The 1911 census records include an Arthur Edward Vaughan working in Tredegar, Monmouthshire as a ‘carter for contracter’. Arthur was living as a boarder at the home of Penry Francis, the foreman contractor, at 4, Queen Square, Tredegar. All of this is sound data as South Wales was a boom area in the first decade of the twentieth century in the same way as Telford, Skelmersdale, Corby and Milton Keynes were sixty years later. Many coal mines were being sunk and steel and copper works were created that attracted workers from Ireland, Scotland and Yorkshire. The opportunities to earn much higher wages than those of an agricultural worker in Shropshire would have been very attractive to Arthur and would explain his appearance in the records in Tredegar. As an experienced agricultural worker he would have had the skills necessary to work with horses as a carter.


The counter factors are that the census record states that Arthur was 21 when he was actually 22 at the time the census was taken and his birthplace was given as Bromfield when it was Munslow on previous censuses. However the consistency of the handwriting on the original regarding the information given and the signature indicates that Penry Francis completed the form and Arthur may not have had a direct input. In this way the information may not have been totally accurate and therefore, on balance, it is reasonable to assume this is the correct Arthur and his presence in Tredegar would explain how he enlisted at Newport and was allocated to the South Wales Borderers.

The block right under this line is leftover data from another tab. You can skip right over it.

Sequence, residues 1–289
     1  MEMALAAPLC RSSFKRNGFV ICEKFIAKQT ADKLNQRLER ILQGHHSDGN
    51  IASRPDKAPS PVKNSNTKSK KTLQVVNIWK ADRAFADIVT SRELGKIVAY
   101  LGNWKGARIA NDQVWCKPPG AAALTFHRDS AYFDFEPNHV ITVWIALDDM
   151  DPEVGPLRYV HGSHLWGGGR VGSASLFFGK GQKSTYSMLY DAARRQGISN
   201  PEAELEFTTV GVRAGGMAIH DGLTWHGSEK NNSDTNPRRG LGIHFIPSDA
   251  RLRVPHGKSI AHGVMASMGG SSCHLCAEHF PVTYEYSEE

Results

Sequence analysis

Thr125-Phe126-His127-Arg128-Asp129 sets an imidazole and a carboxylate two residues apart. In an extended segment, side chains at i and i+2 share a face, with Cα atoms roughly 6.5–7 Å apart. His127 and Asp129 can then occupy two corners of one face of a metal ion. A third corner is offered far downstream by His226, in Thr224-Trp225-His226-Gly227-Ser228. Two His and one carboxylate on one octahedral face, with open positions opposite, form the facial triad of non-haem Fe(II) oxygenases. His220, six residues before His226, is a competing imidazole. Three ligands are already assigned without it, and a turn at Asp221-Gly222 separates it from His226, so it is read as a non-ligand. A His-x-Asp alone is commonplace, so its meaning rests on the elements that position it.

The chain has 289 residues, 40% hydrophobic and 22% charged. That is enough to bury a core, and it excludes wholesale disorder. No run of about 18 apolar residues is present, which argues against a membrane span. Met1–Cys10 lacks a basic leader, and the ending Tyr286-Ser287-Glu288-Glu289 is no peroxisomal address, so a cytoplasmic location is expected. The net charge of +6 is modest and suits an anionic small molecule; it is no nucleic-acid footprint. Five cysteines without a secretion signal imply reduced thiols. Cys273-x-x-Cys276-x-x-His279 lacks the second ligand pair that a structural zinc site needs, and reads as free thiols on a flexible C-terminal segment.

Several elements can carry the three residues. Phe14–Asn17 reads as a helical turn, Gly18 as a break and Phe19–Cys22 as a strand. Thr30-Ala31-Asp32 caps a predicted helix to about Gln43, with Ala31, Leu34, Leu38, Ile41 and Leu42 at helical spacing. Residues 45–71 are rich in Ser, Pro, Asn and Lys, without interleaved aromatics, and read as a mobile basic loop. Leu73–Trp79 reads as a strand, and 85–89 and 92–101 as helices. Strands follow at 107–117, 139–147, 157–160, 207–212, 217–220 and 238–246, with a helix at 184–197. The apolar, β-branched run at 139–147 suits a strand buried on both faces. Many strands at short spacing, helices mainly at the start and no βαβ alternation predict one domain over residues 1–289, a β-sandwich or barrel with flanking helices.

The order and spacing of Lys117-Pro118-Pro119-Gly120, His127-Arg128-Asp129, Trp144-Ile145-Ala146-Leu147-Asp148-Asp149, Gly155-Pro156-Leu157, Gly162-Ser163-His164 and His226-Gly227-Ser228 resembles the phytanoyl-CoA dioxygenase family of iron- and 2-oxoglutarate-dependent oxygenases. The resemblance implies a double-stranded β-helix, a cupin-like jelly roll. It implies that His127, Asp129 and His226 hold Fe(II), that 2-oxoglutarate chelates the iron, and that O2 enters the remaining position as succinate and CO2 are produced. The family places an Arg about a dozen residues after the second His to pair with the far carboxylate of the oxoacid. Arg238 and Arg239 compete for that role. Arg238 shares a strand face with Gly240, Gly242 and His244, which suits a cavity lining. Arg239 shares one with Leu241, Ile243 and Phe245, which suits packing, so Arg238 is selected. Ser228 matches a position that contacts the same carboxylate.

At the exhibition held at the Church Stretton Library in November 2018 to commemorate the armistice of 1918 a descendant of Arthur’s brother Thomas confirmed that Arthur had indeed moved from Shropshire to Tredegar according to family folklore and some family history research that had been completed.


The next record of Arthur is his enlistment at the age of 26 at Newport, Monmouthshire  into the 11th Battalion of The South Wales Borderers. There can be certainty that this is the correct Arthur as the service number of 22207 he was given at the time tallies with the number on the Little Stretton memorial. Further confirmation is provided by the Commonwealth War Graves Commission grave register which records that the Arthur Vaughan 22207, who served in the 11th Battalion of SWB, was the son of Thomas and Sarah Ann Vaughan of Bridge Cottage, Little Stretton. This information also indicates that his parents had moved to Little Stretton from Chelmick and explains why Arthur is recorded on the Little Stretton memorial.